Editorials

What do hospital admission rates say about primary care?

BMJ 1999; 319 doi: http://dx.doi.org/10.1136/bmj.319.7202.67 (Published 10 July 1999) Cite this as: BMJ 1999;319:67

Their limitations suggest the need for more appropriate measures

  1. Raymond Jankowski, Honorary senior lecturer ([email protected])
  1. Department of Primary Care and Population Studies, Royal Free and University College Medical School, Royal Free Campus, London NW3 2PF

    General practice pp 94, 98

    In its white paper on the English NHS the government has emphasised the need for an accountability framework against which to measure its objectives. A consultation document has suggested that health authorities should use performance indicators such as hospital admission rates as a measure of the quality of primary care.1 Yet two papers in this week's BMJ cast further doubt on hospital admission rates as a good measure of general practice performance.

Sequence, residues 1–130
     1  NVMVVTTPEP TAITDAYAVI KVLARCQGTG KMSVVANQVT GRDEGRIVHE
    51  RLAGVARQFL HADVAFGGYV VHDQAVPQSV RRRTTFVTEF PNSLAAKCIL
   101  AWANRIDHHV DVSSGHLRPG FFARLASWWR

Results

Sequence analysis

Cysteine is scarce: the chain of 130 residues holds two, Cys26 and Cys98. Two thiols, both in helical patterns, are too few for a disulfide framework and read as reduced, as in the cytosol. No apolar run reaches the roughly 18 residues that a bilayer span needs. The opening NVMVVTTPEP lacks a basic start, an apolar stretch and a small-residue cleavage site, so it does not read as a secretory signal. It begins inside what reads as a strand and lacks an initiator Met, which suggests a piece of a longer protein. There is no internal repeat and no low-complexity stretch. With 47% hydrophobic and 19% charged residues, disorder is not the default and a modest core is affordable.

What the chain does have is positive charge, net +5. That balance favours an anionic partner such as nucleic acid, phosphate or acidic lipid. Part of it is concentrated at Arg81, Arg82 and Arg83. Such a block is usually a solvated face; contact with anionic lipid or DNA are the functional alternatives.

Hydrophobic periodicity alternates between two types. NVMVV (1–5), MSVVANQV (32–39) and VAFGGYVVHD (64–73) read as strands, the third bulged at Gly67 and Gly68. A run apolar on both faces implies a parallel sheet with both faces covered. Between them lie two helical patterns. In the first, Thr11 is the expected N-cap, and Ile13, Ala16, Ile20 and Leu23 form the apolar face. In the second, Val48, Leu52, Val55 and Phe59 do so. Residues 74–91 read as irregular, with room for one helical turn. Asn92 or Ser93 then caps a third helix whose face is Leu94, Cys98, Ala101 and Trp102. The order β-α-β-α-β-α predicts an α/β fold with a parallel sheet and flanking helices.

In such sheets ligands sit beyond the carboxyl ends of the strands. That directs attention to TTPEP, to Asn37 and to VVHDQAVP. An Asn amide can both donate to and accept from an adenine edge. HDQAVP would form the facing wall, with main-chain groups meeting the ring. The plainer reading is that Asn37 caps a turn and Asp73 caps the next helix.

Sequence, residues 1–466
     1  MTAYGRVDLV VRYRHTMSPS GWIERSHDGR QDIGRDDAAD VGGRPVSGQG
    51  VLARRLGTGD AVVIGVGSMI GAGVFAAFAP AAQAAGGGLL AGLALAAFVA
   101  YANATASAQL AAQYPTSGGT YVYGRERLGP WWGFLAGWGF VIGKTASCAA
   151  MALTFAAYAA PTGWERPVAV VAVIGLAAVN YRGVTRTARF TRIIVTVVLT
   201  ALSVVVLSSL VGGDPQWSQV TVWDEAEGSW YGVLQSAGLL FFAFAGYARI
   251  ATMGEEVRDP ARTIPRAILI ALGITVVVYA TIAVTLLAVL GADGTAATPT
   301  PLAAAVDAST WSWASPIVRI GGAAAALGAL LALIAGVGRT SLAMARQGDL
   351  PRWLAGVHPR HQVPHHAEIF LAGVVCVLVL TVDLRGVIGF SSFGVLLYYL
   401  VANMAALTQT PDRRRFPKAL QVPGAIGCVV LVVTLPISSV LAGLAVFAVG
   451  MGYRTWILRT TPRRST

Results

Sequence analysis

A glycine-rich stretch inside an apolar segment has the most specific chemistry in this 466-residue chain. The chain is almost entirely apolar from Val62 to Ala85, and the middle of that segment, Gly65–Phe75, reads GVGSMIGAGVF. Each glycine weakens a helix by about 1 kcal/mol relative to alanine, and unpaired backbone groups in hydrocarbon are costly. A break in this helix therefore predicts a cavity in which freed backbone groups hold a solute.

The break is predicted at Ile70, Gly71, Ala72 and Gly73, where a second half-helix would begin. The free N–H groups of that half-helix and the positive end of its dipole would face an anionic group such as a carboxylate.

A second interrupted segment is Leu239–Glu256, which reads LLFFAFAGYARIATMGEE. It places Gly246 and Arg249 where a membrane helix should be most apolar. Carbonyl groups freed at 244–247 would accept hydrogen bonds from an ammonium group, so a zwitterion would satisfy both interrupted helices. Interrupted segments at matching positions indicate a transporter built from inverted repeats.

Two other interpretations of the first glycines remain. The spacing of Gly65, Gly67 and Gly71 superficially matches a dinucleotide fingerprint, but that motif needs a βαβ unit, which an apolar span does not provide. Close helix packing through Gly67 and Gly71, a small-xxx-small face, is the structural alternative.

In the United States high hospital admission rates for chronic diseases like asthma, hypertension, congestive cardiac failure, chronic obstructive airways disease, and diabetes have been associated with lack of access to a primary care physician.2 In the United Kingdom substantial variation exists in admission rates among both health authorities 3 and general practices.4 Variation in general practitioner referral rates is correlated with subsequent variation in elective admissions.5 Given the continuing rise of both elective and emergency admissions in the United …

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